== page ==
On The Origins of The “Best Chocolate Mint Cookies” (I still don’t really know). - Something Edible
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On The Origins of The “Best Chocolate Mint Cookies” (I still don’t really know).

On The Origins of The “Best Chocolate Mint Cookies” (I still don’t really know).


When I first started baking cookies for Christmas, I got a hold of a recipe for Chocolate Cookies topped with a melted Andes Mint humbly titled "Best Chocolate Mint Cookies". Humility aside, it truly is a good cookie. Imagine the penultimate edge of a brownie put into convenient cookie form, smeared with a cool, creamy, Andes Mint. At our house, this is a Holiday cookie on the "must bake" list. A list of only nine ingredients makes it easy, and this is a recipe that makes plenty so they're great for sharing too!


As it is with so many family favorites, it's quite often easy to lose track of the source of a recipe. For me, this is usually just unacceptable. I spent a good chunk of my life shuffling test tubes, brooding over minutiae under microscopes, taking repeated measurements, and writing papers for extremely limited audiences. All the aforementioned scientific banality trained me to never talk of certainty without evidence, and the best path to proving to others that you're not full of baloney was to properly cite your sources.

People work hard to craft recipes; and proper attribution is simply the honest and neighborly thing to do. I mention all this because of this great chocolate mint cookie recipe that I bake every year during the holidays. The attribution is piss-poor, but the recipe's so damn good that I felt like I had to share. Now I know where I got this recipe from, but I didn't have a clue where that person got it from. Lucky for me, my source is a librarian (with a great memory). After a brief query, I now know that at least in these parts, this particular chocolate mint cookie likely gained popularity after a Christmas cookie contest that the Hays Daily News put on more than a quarter century ago.  And while without spending hours digging thru microfiche I may never know the specifics of the source beyond a name and an event, at least now I know enough that I don't feel as guilty about publishing something without a legitimate source.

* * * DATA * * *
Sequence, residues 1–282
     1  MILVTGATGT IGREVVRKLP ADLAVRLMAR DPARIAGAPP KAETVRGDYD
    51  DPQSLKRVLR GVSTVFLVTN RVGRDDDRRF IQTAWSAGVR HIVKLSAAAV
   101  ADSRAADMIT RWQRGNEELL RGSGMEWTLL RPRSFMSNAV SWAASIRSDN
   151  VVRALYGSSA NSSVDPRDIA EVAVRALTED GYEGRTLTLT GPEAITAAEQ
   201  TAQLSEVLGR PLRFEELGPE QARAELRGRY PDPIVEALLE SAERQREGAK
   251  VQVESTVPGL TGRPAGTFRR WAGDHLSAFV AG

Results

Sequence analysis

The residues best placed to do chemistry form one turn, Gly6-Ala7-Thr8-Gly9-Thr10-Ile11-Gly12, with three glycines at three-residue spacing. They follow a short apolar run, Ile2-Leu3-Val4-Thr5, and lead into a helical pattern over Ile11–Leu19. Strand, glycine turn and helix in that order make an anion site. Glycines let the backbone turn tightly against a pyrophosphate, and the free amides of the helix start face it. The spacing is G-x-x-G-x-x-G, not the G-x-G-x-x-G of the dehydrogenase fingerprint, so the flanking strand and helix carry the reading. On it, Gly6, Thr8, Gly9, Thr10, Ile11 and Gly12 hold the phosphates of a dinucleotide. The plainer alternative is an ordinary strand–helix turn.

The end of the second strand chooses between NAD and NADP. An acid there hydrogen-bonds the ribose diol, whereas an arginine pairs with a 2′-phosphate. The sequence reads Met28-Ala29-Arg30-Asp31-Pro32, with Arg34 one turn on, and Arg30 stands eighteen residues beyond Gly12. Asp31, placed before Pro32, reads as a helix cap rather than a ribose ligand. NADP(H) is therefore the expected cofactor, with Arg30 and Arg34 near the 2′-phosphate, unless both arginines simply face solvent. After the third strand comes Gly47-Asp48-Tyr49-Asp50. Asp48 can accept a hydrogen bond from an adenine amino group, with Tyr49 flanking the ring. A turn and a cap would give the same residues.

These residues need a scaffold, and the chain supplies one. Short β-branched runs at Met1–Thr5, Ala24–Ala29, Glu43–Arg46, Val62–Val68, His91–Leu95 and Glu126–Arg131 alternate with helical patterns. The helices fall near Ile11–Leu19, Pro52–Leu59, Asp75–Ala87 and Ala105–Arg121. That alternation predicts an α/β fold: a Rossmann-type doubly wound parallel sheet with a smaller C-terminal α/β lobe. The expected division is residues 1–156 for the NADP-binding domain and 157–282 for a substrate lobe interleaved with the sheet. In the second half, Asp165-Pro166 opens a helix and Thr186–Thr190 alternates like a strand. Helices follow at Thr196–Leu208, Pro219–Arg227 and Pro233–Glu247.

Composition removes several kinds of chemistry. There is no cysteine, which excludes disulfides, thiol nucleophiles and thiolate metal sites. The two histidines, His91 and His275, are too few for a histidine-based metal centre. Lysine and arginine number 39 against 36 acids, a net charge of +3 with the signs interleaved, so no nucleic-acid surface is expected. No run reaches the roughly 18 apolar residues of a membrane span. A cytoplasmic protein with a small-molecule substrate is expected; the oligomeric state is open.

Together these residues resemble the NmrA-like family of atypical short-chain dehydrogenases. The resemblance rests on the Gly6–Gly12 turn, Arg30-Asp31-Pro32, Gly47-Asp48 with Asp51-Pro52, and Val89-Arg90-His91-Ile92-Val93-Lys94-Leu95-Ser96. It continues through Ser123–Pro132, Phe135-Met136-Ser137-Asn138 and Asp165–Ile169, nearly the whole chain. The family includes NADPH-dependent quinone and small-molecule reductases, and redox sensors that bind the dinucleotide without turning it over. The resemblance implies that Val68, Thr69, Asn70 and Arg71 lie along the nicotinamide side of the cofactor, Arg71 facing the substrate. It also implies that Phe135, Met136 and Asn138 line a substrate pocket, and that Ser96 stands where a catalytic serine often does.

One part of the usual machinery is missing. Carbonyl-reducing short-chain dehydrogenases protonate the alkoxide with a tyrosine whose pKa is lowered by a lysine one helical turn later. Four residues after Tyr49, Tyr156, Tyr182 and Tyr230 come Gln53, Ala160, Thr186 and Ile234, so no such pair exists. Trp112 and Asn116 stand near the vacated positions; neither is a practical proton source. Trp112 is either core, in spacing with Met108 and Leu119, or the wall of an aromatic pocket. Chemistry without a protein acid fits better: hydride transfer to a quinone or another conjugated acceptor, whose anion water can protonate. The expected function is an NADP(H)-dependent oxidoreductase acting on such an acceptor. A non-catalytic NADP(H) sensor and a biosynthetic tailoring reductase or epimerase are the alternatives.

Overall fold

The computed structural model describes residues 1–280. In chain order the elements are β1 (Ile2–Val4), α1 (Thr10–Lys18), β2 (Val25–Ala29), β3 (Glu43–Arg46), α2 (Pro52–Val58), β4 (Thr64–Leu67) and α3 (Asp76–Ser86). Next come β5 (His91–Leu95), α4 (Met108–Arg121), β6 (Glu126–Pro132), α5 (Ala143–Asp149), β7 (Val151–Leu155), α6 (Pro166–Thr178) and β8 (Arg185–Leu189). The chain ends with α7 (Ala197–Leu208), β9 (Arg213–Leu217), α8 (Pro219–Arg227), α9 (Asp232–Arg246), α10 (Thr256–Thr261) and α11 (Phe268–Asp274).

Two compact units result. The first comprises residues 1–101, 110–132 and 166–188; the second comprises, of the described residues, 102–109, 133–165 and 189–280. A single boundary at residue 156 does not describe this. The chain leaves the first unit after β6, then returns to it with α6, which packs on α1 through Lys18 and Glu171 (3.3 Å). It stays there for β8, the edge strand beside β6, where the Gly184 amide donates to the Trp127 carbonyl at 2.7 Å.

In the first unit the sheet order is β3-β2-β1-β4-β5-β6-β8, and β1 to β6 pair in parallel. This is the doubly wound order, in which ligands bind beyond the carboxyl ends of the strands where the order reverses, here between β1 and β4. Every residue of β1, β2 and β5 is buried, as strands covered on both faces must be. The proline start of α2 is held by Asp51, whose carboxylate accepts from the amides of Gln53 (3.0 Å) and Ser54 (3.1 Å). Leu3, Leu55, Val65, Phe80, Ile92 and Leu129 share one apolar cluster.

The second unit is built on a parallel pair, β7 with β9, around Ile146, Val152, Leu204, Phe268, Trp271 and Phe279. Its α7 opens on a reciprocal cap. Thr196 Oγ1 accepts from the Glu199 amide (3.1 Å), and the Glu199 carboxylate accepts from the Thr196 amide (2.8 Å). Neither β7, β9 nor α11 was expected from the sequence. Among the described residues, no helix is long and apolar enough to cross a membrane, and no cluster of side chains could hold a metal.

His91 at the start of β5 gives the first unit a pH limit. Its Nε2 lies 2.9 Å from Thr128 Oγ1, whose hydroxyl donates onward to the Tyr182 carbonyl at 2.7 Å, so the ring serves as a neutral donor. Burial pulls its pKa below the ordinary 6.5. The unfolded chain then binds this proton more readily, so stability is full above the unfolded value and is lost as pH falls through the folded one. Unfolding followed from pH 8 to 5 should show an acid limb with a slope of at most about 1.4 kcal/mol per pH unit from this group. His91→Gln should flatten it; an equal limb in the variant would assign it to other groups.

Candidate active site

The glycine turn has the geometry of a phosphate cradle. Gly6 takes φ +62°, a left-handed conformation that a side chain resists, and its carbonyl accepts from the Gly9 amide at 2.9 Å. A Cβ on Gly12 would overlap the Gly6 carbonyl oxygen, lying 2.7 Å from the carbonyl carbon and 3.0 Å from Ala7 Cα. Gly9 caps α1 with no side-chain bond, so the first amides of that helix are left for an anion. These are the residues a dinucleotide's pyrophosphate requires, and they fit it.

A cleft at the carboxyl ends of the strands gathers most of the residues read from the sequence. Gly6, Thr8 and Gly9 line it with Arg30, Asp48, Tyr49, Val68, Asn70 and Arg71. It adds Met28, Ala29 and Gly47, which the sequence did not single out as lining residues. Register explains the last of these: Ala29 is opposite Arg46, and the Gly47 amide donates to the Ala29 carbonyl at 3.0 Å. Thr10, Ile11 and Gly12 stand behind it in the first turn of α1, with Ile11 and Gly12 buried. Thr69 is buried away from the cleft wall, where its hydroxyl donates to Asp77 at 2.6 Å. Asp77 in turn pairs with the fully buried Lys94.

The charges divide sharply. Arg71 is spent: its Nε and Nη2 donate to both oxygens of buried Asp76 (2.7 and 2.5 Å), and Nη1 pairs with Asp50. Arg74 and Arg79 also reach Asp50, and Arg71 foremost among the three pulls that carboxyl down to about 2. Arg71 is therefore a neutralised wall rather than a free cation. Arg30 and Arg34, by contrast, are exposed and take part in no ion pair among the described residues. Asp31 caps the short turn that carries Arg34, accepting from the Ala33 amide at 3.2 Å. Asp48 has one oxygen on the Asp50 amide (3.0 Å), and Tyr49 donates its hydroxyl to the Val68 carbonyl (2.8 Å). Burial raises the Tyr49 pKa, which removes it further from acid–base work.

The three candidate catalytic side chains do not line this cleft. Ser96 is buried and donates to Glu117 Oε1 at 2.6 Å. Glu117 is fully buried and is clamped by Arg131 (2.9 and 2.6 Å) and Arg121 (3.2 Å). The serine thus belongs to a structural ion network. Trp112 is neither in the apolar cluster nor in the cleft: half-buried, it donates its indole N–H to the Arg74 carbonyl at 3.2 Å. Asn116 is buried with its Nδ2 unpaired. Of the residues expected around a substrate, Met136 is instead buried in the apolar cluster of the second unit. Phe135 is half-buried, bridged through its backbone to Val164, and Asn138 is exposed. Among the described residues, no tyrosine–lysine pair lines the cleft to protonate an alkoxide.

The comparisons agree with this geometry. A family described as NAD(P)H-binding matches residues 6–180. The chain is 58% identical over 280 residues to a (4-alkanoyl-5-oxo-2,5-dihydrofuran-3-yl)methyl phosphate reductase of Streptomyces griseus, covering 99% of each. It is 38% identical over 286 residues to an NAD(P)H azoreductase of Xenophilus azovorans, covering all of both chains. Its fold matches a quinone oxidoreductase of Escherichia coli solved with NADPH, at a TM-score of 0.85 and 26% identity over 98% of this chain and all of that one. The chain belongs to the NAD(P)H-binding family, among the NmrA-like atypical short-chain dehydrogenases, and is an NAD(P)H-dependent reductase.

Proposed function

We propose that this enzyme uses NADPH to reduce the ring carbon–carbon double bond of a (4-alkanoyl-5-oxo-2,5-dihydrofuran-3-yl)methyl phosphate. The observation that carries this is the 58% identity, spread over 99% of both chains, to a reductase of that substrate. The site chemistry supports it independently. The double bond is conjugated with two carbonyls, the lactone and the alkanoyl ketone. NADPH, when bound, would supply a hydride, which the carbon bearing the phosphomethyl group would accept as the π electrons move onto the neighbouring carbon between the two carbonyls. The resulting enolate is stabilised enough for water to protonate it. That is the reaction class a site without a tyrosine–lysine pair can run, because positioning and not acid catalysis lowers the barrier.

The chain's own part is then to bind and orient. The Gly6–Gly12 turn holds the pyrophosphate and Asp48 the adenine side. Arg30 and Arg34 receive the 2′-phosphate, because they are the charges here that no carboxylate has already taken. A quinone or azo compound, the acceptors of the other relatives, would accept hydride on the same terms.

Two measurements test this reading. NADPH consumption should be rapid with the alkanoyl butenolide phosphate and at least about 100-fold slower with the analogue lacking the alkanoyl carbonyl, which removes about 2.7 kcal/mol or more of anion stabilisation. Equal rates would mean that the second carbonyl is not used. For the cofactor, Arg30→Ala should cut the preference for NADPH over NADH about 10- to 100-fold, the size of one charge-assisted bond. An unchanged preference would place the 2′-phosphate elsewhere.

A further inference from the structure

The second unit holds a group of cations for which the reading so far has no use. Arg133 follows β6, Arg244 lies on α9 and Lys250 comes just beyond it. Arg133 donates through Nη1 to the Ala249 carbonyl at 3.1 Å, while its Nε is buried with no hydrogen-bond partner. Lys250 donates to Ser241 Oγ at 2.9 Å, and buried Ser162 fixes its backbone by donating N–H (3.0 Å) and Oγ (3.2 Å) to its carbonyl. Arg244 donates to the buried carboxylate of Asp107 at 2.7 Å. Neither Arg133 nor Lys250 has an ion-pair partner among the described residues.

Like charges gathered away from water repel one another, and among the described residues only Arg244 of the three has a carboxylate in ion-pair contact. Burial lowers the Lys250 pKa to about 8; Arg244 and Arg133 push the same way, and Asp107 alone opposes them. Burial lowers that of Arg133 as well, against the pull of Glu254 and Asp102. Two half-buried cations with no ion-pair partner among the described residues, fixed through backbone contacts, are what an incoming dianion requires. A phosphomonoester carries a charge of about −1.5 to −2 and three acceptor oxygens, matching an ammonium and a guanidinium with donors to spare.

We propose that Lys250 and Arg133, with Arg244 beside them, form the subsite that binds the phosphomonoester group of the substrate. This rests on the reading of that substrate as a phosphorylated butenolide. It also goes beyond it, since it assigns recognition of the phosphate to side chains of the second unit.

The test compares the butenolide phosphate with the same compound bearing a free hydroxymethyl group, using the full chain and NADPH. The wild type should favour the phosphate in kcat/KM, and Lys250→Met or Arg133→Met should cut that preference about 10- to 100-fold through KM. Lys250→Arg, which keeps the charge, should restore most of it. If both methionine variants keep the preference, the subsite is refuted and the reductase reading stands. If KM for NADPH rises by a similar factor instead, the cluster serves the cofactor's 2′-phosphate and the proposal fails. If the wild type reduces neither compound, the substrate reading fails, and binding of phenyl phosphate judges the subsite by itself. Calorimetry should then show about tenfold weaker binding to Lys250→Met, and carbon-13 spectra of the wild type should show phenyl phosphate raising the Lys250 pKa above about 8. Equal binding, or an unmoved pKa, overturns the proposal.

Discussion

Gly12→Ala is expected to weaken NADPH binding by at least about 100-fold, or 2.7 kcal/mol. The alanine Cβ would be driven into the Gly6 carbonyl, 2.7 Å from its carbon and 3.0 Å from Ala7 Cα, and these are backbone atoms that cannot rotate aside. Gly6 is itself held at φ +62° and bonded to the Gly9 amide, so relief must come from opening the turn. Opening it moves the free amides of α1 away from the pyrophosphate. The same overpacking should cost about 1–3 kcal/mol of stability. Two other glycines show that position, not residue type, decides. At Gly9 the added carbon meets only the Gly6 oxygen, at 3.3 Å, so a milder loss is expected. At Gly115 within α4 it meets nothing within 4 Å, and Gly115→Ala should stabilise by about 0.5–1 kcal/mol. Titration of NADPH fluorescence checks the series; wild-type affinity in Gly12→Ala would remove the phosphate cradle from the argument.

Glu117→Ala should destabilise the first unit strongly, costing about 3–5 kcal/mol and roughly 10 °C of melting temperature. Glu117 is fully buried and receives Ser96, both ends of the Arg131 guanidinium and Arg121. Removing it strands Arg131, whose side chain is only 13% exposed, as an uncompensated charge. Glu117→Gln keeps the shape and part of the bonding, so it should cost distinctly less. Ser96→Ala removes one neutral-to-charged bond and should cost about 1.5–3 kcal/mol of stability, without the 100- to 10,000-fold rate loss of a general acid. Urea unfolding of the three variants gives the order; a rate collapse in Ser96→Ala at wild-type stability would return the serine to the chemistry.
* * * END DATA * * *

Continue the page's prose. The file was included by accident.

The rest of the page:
Recipe: Jump to the detailed recipe. (or, keep reading for the gist of it) -

  • 3/4 cup butter (That's a stick and a half.)
  • 10 oz dark brown sugar (By volume, that's a cup and a half firmly packed.)
  • 2 1/2 Tbsps water
  • 12 oz semi-sweet chocolate chips (That's one standard bag.)
  • 2 eggs beaten
  • 12 1/2 oz all-purpose flour (About 2 1/2 cups.)
  • 1 1/4 tsps baking soda
  • 1/2 tsp salt
  • 72 Andes creme de menthe mints (One for each cookie. Unwrapped, duh.)

  • Over medium heat in a medium saucepan, bring butter, brown sugar, water, and salt just to a boil stirring frequently. Remove from heat and stir in the chocolate chips until melted and fully integrated. Let this stuff stand for at least 10 minutes or until the temperature drops below 160F. Move the now cooler (but still warm) mess to the bowl of a stand mixer and slowly pour in the beaten eggs while beating it all on medium speed. Once the eggs are fully integrated, continue to mix one minute longer, then take the speed down to a stir. Gently whisk the baking soda into the flour and then spoon it into the wet stuff, (still stirring) while scraping the bowl as necessary. Mix until everything is just integrated, then cover and chill for at least 2 hours.

    When it's time to bake, Preheat the oven to 350F. Roll dough into 1 inch diameter balls (about 1/2 oz), and load 'em on a parchment or Silpat-lined half sheet pan, leaving 2 inches of space around each to spread. Bake 10-12 minutes; then out of the oven, immediately place a mint o­n each hot cookie and let 'em rest on the pan for 5 minutes. After the 5, spread the melted mints over the cookie with a knife and move 'em to a cooling rack so you can set up for the next batch. Be sure to let all cookies cool completely on a rack before storing so the melted mints have ample time to set back up again.